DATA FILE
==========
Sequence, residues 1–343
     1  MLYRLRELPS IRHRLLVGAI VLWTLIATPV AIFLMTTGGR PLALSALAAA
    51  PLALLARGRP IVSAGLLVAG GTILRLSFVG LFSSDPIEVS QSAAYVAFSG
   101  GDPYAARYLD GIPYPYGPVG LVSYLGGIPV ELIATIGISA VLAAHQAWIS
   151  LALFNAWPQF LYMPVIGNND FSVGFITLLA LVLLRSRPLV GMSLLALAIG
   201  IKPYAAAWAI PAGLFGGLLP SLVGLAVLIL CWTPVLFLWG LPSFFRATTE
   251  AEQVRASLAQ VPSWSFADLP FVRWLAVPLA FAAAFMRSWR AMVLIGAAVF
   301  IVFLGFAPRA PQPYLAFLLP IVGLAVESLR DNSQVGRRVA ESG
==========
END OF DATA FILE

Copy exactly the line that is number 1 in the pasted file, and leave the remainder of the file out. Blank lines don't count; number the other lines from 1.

Sequence, residues 1–343